It seems pointless to be TB testing our animals that are so close to slaughter
At the time of writing we are in the middle of doing our annual TB test. This always puts me in bad humour because I can't help thinking what a pointless exercise it is to be testing animals that are going to be slaughtered within a month, as is happening in our case. And this situation is replicated around the country.
In the five pages of Do's and mostly Don'ts of information that came from the DVO in the notification to do the test, one line jumped out at me: that I must complete my herd test within 14 days of starting it.
This to me would seem to provide the ideal opportunity by which all animals in the herd over two years of age would be tested in week 1 and, subsequently, only if a reactor shows up, to then test the animals under two years of age in week 2.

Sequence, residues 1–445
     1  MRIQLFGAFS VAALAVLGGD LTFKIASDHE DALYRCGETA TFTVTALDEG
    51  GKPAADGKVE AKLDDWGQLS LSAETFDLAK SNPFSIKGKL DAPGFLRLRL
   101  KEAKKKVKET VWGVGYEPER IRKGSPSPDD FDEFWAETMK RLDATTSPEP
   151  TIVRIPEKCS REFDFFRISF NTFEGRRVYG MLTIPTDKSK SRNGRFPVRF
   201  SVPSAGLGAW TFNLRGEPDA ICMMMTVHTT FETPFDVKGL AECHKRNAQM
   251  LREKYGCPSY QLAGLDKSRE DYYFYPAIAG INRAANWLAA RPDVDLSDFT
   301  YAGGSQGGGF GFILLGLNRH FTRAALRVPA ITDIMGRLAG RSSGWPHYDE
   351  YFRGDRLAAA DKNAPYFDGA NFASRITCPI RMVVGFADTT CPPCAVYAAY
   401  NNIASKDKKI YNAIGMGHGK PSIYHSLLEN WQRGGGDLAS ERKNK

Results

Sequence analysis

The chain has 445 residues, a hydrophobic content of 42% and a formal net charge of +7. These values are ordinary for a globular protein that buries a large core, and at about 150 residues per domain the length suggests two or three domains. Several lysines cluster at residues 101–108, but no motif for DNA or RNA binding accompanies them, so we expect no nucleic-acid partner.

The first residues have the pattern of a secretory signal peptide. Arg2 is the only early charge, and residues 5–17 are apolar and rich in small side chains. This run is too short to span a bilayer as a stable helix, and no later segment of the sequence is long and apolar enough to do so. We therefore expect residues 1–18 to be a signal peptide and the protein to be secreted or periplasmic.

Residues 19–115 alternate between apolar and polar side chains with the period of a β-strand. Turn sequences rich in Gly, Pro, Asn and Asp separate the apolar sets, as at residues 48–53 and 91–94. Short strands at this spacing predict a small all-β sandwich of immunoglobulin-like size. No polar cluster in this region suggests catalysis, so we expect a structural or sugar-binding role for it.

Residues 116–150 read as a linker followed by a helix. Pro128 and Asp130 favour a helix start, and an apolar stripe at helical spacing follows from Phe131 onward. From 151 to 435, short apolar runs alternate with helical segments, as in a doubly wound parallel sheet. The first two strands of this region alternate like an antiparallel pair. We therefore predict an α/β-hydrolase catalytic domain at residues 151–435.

This is then fully compliant with the current timeline allocation. Can I be alone in thinking this?
On a more positive note, we were pleasantly surprised when we scanned the cows recently. About 94pc of those scanned are in calf, with 57pc of them in calf in the first 30 days.
Following a difficult grazing season and less than satisfactory silage, I feared it might be a difficult year to get cows in calf (just goes to show what I know).
Normally we stick rigidly to a 12-week breeding season but this year we left the bulls in, simply because I felt a late calf would be better than no calf; so I have no doubt that, when we rescan the empties in a few weeks, some of them will show up in calf too.